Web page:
Qartlar ("The Elderly")

a life-long exile

A feature documentary film about elderly Crimean Tatar people who recall the dramatic history of their people

To watch the film, click on the poster above. The film teaser is here.

In the Crimean Tatar language, "qartlar" means "the elderly". That is how elderly people are called with respect. The heroes of our film are six people, and the youngest one is 75 years old.

They are through many hardships. From an early age, they were deprived of their homes and homeland, humiliated, and persecuted. But they remember who they are, they keep the memories of the tragic events in the history of their people, the Second World War, the deportation in 1944, and everything that happened afterward.

The deportation of Crimean Tatars was ethnic cleansing and an act of genocide. It caused unprecedented suffering and numerous casualties. Roughly and cruelly crammed into freight wagons of the "trains of death", the deportees were transported to the Urals and Central Asia, and many of them died on this horrible road.

Even now, when you listen to these memories, you realize how much horror in children's hearts all these tragic events left. But that was just the beginning. Most Crimean Tatars came to Central Asia. Forced to work hard, having no chance to meet their basic needs, they suffered from hunger, thirst, and terribly inhuman conditions. But they still survived, although the death toll continued to rise.

Tens of thousands of their husbands and brothers, fathers and sons returned home from the war and learned that their families had been deported. And no more additional information. Many discharged war veterans searched for their families for years, and we don't know how many families had never reunited.

They survived, settled in their new places, made new friends, built new houses. But they always had one dream, which they never gave up - a dream to return home, back to the Crimea. Crimean Tatars tried to return in any way, although it was forbidden. They tried to find different ways, but few succeeded.

Much later, at the end of the Soviet Union, the deportation of Crimean Tatars was officially declared unlawful. But the system never stopped resisting - the Crimean Tatars, who managed to return home, found themselves in a very difficult situation. They could not get a job because they did not have a residence permit, and they were unable to get this permit because they did not have a job. The police constantly persecuted them, the authorities did not give them a rest, they were sometimes even thrown in jail for "violation of the passport regime", but some Crimean Tatars still managed to gain a foothold and survive in Crimea. Although many had to move to the mainland of Ukraine, closer to the Crimea, still waiting for better times to come.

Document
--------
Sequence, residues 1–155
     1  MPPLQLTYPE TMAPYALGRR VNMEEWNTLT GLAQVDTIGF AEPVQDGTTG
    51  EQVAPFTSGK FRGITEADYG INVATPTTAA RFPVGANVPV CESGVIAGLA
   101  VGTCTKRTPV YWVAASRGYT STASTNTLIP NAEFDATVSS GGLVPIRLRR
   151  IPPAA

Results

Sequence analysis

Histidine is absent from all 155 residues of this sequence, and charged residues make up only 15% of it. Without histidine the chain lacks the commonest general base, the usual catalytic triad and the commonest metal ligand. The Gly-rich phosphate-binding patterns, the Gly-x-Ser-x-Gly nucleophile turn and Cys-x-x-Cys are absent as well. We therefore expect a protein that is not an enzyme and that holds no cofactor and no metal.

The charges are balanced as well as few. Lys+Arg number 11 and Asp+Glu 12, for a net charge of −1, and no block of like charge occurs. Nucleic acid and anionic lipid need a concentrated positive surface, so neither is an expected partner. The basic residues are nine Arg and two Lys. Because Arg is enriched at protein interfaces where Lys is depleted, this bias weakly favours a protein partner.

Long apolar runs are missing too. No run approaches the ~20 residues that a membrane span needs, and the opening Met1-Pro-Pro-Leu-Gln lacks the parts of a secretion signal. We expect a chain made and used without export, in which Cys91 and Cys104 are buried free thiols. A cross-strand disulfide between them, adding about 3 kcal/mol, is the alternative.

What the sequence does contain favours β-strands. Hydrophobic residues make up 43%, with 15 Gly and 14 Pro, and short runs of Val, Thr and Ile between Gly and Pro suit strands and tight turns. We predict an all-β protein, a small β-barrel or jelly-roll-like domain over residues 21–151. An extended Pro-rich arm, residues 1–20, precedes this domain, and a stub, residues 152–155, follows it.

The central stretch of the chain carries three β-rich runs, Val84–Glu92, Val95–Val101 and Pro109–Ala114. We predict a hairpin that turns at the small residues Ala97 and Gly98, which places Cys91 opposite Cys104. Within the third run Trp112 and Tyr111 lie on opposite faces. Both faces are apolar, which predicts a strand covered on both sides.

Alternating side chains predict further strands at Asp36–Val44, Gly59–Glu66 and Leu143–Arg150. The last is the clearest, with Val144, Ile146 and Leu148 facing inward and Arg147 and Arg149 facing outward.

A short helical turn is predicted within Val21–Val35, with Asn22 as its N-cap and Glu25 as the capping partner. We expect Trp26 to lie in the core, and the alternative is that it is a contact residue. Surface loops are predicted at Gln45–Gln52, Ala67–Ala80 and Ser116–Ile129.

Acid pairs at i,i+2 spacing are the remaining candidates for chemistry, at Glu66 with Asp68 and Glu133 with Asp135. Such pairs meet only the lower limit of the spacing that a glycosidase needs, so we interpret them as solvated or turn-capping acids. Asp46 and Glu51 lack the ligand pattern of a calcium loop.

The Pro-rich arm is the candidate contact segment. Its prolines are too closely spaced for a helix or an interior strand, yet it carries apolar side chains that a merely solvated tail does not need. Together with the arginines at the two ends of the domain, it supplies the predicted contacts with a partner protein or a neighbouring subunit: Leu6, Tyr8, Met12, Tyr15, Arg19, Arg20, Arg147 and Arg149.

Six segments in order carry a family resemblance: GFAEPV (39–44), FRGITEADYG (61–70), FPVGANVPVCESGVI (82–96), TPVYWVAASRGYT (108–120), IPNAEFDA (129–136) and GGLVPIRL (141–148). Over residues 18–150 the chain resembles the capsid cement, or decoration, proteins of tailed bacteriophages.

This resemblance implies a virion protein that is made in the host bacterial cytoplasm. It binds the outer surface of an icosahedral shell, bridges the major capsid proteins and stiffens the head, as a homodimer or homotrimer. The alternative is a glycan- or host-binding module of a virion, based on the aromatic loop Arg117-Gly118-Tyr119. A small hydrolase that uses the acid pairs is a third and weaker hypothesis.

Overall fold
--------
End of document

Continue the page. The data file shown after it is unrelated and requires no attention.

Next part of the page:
Under such difficult circumstances, the national movement of the Crimean Tatars never subsided. There were many rallies throughout the USSR - in Uzbekistan, where mostly deportees lived, and even in Moscow. The leaders of the national movement, of course, were repressed, and many people were thrown into prison. But times had finally changed. The end of the USSR marked the beginning of the mass return of Crimean Tatars to their historical homeland. Everyone who could afford to move did so without hesitation, abandoning the houses they had built, and leaving behind their past lives.

It has never been easy to return and move back to Crimea. Even after the collapse of the USSR, the Crimean Tatars were never compensated for the loss of property and land. They never received the necessary legal protection and state support, and still remain a national minority in their homeland. But they survived the troubles, rebuilt their houses and mosques, and took care to preserve their language and culture. These people have seen too much injustice and cruelty in their lives.

But another foreign invasion took place, and the enemy that recaptured their homeland was still the same. However, the Qartlar are full of dignity and hope. They believe that justice will be restored, and they pass on their love for Crimea, their faith, and their positive outlook to the next generations of Crimean Tatars.

The Qartlar are the ones who preserve the living history of their people and make the future possible. Because they are living history themselves. The Qartlar believe that their homeland will one day be liberated, and the Crimean Tatar people will regain their legal rights. If only this had happened in their lifetime...

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Photos taken at shooting